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Canada joins Mexico in auto dispute against U.S.

Christian Fernsby |
Canada united with Mexico on Thursday to officially dispute the U.S. stance on vehicle manufacturing that the two countries say violates terms of the three-country free-trade agreement.

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Topics: CANADA    MEXICO    U.S.   

The dispute concerns a U.S. decision that 75% of a vehicle and some key parts must be manufactured in the U.S. by 2025 or be subject to tariffs.

The position of the two countries is that if a vehicle uses 75% of regional manufacturing, it qualifies the entire vehicle to be duty-free. If not, it could make the car subject to tariffs when imported by the U.S., raising the price of the vehicle and thereby hurting Canadian and Mexican manufacturers.

Canada’s International Trade and Export Promotion Minister Mary Ng said: “The CUSMA rules of origin for passenger cars and light-duty trucks are aimed at encouraging production and sourcing in North America. The outcome was the result of negotiations and close consultations with automotive stakeholders, which ensured that these new rules of origin would deepen regional integration and support the competitiveness of automotive producers in North America.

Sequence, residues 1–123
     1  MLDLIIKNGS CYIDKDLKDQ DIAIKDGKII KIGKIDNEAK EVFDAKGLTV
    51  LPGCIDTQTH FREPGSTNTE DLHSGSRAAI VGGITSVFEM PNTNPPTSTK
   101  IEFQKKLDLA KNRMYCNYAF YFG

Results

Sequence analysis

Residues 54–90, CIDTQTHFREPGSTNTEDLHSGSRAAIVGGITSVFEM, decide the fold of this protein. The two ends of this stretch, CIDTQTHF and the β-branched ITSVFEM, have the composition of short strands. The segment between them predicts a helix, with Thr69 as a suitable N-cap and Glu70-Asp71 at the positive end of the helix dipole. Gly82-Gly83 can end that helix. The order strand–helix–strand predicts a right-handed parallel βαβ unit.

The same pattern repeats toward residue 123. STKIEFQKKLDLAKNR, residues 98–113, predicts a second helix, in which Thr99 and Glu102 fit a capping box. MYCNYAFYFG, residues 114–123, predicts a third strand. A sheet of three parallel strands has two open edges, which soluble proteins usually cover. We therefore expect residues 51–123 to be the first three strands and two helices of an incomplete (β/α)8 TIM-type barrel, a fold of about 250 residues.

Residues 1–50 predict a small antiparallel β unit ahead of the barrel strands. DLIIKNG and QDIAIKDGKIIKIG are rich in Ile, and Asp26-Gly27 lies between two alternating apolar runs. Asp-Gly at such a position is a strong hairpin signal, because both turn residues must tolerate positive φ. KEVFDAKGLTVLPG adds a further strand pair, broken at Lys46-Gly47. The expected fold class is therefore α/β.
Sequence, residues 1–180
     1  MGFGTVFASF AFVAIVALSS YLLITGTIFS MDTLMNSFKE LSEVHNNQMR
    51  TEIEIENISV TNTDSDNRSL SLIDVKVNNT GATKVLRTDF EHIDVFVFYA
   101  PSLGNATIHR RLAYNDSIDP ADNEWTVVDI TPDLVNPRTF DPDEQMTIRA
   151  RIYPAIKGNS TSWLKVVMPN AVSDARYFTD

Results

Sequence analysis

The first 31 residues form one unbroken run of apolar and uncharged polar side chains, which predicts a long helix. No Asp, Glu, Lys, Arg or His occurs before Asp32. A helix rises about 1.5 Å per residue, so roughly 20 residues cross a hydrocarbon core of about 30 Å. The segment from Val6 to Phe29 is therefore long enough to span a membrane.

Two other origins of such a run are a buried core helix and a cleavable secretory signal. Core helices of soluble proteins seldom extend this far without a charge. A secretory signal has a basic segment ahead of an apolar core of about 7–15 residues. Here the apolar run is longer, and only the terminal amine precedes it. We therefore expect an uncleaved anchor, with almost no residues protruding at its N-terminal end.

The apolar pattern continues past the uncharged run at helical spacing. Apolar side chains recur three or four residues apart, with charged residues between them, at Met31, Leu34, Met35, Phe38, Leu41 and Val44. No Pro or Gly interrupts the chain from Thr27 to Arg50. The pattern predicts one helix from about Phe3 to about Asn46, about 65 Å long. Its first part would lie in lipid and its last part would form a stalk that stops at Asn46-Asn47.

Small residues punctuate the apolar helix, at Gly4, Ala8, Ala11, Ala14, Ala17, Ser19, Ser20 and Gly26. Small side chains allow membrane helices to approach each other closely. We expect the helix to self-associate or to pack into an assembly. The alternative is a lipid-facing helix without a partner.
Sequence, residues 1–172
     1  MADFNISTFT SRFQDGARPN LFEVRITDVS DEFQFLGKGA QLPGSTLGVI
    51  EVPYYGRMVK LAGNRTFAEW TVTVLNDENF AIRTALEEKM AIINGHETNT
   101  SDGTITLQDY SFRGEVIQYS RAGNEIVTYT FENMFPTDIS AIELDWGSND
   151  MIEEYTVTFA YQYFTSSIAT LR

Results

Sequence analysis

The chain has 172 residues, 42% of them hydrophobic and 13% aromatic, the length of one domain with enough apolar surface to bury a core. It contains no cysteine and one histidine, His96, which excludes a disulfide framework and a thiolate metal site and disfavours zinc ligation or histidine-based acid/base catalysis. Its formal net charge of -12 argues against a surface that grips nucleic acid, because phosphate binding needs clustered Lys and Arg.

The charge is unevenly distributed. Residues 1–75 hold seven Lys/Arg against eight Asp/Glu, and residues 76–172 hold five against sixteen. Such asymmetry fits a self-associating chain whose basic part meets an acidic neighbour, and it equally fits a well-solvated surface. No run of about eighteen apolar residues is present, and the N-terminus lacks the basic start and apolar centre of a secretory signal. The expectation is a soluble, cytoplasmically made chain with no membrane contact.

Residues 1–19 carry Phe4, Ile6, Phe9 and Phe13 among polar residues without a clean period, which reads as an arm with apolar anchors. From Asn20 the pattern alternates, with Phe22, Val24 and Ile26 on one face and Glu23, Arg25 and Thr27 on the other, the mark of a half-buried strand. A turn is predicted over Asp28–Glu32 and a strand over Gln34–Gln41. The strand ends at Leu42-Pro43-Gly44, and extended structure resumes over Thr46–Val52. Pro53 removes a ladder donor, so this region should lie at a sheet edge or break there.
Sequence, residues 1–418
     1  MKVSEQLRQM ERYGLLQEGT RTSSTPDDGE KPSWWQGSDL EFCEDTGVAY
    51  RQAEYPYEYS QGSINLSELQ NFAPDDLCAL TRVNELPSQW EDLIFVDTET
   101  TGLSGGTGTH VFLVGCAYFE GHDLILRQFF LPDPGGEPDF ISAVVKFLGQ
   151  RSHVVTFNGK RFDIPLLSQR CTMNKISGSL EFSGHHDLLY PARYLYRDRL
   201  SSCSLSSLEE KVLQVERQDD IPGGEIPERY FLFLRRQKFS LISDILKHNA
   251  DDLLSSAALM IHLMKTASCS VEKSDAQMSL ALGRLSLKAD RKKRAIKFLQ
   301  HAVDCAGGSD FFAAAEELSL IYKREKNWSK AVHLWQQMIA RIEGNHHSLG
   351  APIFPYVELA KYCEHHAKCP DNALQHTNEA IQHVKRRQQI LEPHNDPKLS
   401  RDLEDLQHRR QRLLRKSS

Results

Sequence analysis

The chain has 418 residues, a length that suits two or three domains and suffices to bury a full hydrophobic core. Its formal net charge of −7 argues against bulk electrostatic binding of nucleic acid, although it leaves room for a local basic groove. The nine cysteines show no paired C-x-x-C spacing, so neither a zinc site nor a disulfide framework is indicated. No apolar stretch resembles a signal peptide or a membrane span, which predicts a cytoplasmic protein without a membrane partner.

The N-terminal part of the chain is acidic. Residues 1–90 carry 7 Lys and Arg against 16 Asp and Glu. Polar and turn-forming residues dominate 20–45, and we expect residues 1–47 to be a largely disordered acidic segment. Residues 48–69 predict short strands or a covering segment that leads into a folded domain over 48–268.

“Canada is joining Mexico’s request to establish a dispute settlement panel to address the United States’ interpretation of the rules of origin governing the regional value content calculations that must be performed for a vehicle to qualify for CUSMA duty-free treatment. The interpretation that the United States adopted in July 2020 is inconsistent with CUSMA and the understanding shared by the parties and stakeholders throughout the negotiations."

In the timeline provided under CUSMA, the dispute settlement panel would be expected to issue a report in the summer of 2022.


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